Richard Metzger's Dangerous Minds

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16 Responses to “Richard Metzger's Dangerous Minds”

  1. Anonymous says:

    This is so obvious I almost hesitate to say it, but surely you realize that when you’re talking about people walking up to the fact that the environment they’re immersed in is not aprioristic, but was designed that way by someone else to a certain end, you’re talking about The Matrix…

  2. user23 says:

    Hey, Mr. Rushkoff -

    Nice Dream Machine! May I ask, did you purchase it…or build it yourself? If purchased, where did you purchase it from?

  3. Anonymous says:

    Thank you! Looked at http://tvtvtv.ru related videos. I do not remember just which channel.

    Gooo job!

  4. Anonymous says:

    The sane world gets to have the original Aleister Crowley, too.

  5. Anonymous says:

    Not that I think we really need more ways to pigeonhole people but perhaps labeling some behaviors can be useful at this point.

    Doers, Thinkers and Watchers: There are the people who organize and throw the party, some attend and imagine how to throw their own even better party and there are those who really only care if it is lame or not.

    The doers of this world understand that we ALL create the world in which we live, whether we are actually conscious of our world creating actions or not. The watcher understands that we live according to rules of a world with natural and self imposing truths. Watchers may also be very productive but usually only through some kind of replication. Others may have visions of alternate realities or can conceive of better ways of living and they are thinkers at least until they do something to make their visions real.

    Watchers can sometimes and even suddenly become thinkers and thinkers can, through hard work and discipline, eventually become doers.

    The more doers there are the better place the world becomes for everyone. I think Douglas’ point here with Program or Be Programed is important because it can move people towards becoming doers.

  6. Anonymous says:

    The number of programming jobs that have already been offshored is certainly a major de-motivator. Big programming houses now contract to India or China for almost all of their lower level work. Fewer entry level positions here in the US are available, and that translates directly into lower interest on the part of students planning careers.

  7. a1579 says:

    So to summarize it: “Knowledge is power”.
    Riiiight. Not exactly news, is it?

  8. Douglas Rushkoff says:

    ha and ha!

    Yes, the dream machine. Some students of mine made it for me a few years ago. I had suggested the laser cutter at ITP would be great for making one. But then they went ahead and used an exacto to cut it out manually. One of my prize possessions. I put it in the frame just to see if anyone would notice it.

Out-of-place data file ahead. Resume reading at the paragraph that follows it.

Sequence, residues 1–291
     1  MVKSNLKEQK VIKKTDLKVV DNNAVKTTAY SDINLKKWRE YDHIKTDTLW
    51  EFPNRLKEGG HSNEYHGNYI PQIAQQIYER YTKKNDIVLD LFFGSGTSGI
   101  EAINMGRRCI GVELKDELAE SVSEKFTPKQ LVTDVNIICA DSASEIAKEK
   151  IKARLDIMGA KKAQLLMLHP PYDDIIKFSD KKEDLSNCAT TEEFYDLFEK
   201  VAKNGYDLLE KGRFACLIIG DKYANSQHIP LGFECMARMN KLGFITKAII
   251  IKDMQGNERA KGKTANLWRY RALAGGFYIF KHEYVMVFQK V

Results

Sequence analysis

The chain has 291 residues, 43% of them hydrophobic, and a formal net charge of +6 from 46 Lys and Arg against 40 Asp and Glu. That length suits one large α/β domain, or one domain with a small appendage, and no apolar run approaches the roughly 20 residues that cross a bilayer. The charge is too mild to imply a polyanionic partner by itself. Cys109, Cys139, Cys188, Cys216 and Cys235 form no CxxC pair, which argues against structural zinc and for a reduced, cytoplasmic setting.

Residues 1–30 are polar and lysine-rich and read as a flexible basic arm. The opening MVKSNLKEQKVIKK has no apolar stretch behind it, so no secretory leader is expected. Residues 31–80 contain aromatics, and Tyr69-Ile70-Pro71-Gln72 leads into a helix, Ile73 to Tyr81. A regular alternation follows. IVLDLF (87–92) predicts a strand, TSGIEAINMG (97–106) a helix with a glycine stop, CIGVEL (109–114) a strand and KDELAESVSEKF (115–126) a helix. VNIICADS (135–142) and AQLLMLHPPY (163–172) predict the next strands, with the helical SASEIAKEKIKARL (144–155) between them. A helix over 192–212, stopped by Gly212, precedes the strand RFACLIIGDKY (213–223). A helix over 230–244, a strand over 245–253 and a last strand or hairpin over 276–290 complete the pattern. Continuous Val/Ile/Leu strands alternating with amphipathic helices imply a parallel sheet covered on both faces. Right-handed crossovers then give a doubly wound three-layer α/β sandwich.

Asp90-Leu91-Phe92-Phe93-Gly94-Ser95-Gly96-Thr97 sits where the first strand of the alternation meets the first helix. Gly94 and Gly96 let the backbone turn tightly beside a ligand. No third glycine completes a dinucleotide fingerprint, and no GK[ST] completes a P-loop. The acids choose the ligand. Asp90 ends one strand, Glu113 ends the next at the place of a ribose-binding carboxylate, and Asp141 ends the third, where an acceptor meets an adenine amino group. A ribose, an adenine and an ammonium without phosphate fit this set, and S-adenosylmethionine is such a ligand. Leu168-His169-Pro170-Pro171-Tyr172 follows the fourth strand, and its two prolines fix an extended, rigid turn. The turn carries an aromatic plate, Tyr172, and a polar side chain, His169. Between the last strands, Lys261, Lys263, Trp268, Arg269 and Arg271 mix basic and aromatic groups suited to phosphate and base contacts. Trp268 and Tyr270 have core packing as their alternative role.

I don’t think programming is at the level of papyrus. That’s the machine code – the assembly. I’m talking about knowing the programs or even just the interfaces, and being able to see which choices are arbitrary.

    Yeah, I did read Heidegger – forced by a friend, Richard Barbrook, who also made me read Hegel and Kant as a lead-in. And it changed everything. I don’t know if human beings have an essence that computers or networks can’t achieve. This thing we think of as essence could be an emergent phenomenon rather than some intrinsic quality. But his argument does figure into my new book, as do Baudrillard and Barthes and Benjamin. But I tried to embed their thinking in a way that winks to the people who know what I’m referring to without alienating people who don’t feel like seeing all these references. So I’ll talk about one thing being “signified” by another, assuming that people who know what signifiers are will understand where I’m coming from, but people who don’t will still get what I’m trying to say.

  9. codydjango says:

    Thanks for the reply! I’m definitely looking forward to the read. Baudrillard is fun stuff too ;)

    “human essence” is definitely a loaded concept… sometimes I prefer instead to consider the totality of embodied perception — a focus of hussurl, heidegger and merleau ponty.

    in ‘essay concerning technology’ heidegger writes specifically regarding the advent of “thinking technologically” — an orientation to the world in which resources are valued as transformable — a way to exercise control over ‘what there is’ through technological manipulation.